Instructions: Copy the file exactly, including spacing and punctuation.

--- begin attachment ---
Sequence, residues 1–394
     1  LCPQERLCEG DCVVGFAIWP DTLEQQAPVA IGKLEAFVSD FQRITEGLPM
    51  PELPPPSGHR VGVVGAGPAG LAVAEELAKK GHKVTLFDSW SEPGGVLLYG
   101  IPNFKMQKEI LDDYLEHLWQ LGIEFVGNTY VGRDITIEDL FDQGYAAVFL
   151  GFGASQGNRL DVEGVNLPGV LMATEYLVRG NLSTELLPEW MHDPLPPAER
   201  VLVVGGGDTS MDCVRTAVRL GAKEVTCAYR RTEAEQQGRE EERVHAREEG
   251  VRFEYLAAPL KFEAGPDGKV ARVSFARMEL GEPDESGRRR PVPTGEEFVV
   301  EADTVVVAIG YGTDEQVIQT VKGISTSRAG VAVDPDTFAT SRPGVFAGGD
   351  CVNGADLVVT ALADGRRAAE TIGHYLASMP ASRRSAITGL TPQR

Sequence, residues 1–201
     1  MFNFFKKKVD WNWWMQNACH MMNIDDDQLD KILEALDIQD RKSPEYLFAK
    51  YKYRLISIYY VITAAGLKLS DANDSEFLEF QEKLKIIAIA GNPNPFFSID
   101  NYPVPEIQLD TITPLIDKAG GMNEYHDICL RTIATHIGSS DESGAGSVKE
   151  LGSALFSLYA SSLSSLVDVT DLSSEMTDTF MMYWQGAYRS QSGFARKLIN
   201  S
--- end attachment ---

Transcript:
Sequence, residues 1–394
     1  LCPQERLCEG DCVVGFAIWP DTLEQQAPVA IGKLEAFVSD FQRITEGLPM
    51  PELPPPSGHR VGVVGAGPAG LAVAEELAKK GHKVTLFDSW SEPGGVLLYG
   101  IPNFKMQKEI LDDYLEHLWQ LGIEFVGNTY VGRDITIEDL FDQGYAAVFL
   151  GFGASQGNRL DVEGVNLPGV LMATEYLVRG NLSTELLPEW MHDPLPPAER
   201  VLVVGGGDTS MDCVRTAVRL GAKEVTCAYR RTEAEQQGRE EERVHAREEG
   251  VRFEYLAAPL KFEAGPDGKV ARVSFARMEL GEPDESGRRR PVPTGEEFVV
   301  EADTVVVAIG YGTDEQVIQT VKGISTSRAG VAVDPDTFAT SRPGVFAGGD
   351  CVNGADLVVT ALADGRRAAE TIGHYLASMP ASRRSAITGL TPQR

Sequence, residues 1–201
     1  MFNFFKKKVD WNWWMQNACH MMNIDDDQLD KILEALDIQD RKSPEYLFAK
    51  YKYRLISIYY VITAAGLKLS DANDSEFLEF QEKLKIIAIA GNPNPFFSID
   101  NYPVPEIQLD TITPLIDKAG GMNEYHDICL RTIATHIGSS DESGAGSVKE
   151  LGSALFSLYA SSLSSLVDVT DLSSEMTDTF MMYWQGAYRS QSGFARKLIN
   201  S